Would you like to know whether your students understand the complex concept that you are discussing in class today? Would it be helpful for you to know what aspect of today’s class was most confusing for your students? One way to find out this information is by using a just-in-time, non-evaluative form of assessment. Here are some ideas:

  • Classroom Assessment Techniques (CATs): CATs are non-graded, anonymous, just-in-time, and quick assessment methods that can provide you with useful information about your students’ learning. Examples of common CATs include:
    • Muddiest Point
    • Minute Paper
    • Classroom Opinion Polls

    For a detailed explanation and an overview of possible CATs to use the classroom, please see the following websites from Carnegie Mellon and Vanderbilt.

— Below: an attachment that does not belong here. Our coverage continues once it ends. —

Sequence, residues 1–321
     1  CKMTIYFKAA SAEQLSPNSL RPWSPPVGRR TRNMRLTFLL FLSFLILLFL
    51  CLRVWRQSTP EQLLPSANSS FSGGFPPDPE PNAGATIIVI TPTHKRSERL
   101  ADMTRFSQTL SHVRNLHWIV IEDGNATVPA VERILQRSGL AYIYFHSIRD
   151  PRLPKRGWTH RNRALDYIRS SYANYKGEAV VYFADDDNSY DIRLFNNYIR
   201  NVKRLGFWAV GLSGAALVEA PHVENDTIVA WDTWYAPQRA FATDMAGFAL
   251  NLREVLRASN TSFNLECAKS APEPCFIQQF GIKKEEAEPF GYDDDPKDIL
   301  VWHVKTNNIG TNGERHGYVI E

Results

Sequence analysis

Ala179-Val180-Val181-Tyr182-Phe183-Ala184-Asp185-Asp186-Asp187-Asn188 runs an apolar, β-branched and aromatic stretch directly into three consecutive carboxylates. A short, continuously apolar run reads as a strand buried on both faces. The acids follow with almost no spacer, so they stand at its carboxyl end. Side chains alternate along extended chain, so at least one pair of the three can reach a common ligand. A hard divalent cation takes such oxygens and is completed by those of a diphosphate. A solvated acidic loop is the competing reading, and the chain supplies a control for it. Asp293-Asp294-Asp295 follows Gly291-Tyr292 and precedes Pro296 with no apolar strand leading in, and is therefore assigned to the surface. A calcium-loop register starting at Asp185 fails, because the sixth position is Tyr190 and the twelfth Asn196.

For the most comprehensive overview of CATs, please see the following book (available in the CTL Library):  Angelo, T. A. & Cross, K. P. (1993). Classroom Assessment Techniques: A Handbook for College Teachers. San Francisco: Jossey-Bass.

  • Clickers:  The quickest way to get information on whether your students understand a complex concept that you are teaching is to use clickers. By using clickers, you can find out immediately if students are following your lecture. For a demonstration of how one professor uses clickers (combined with peer instruction), see the following video by Eric Mazur at Harvard University.
  • Concept Maps:  One way to understand how students understand a number of concepts in relation to each other is to use a concept map, which is a graphical representation of ideas. For more information on this assessment approach, please see the following link from Carnegie Mellon University.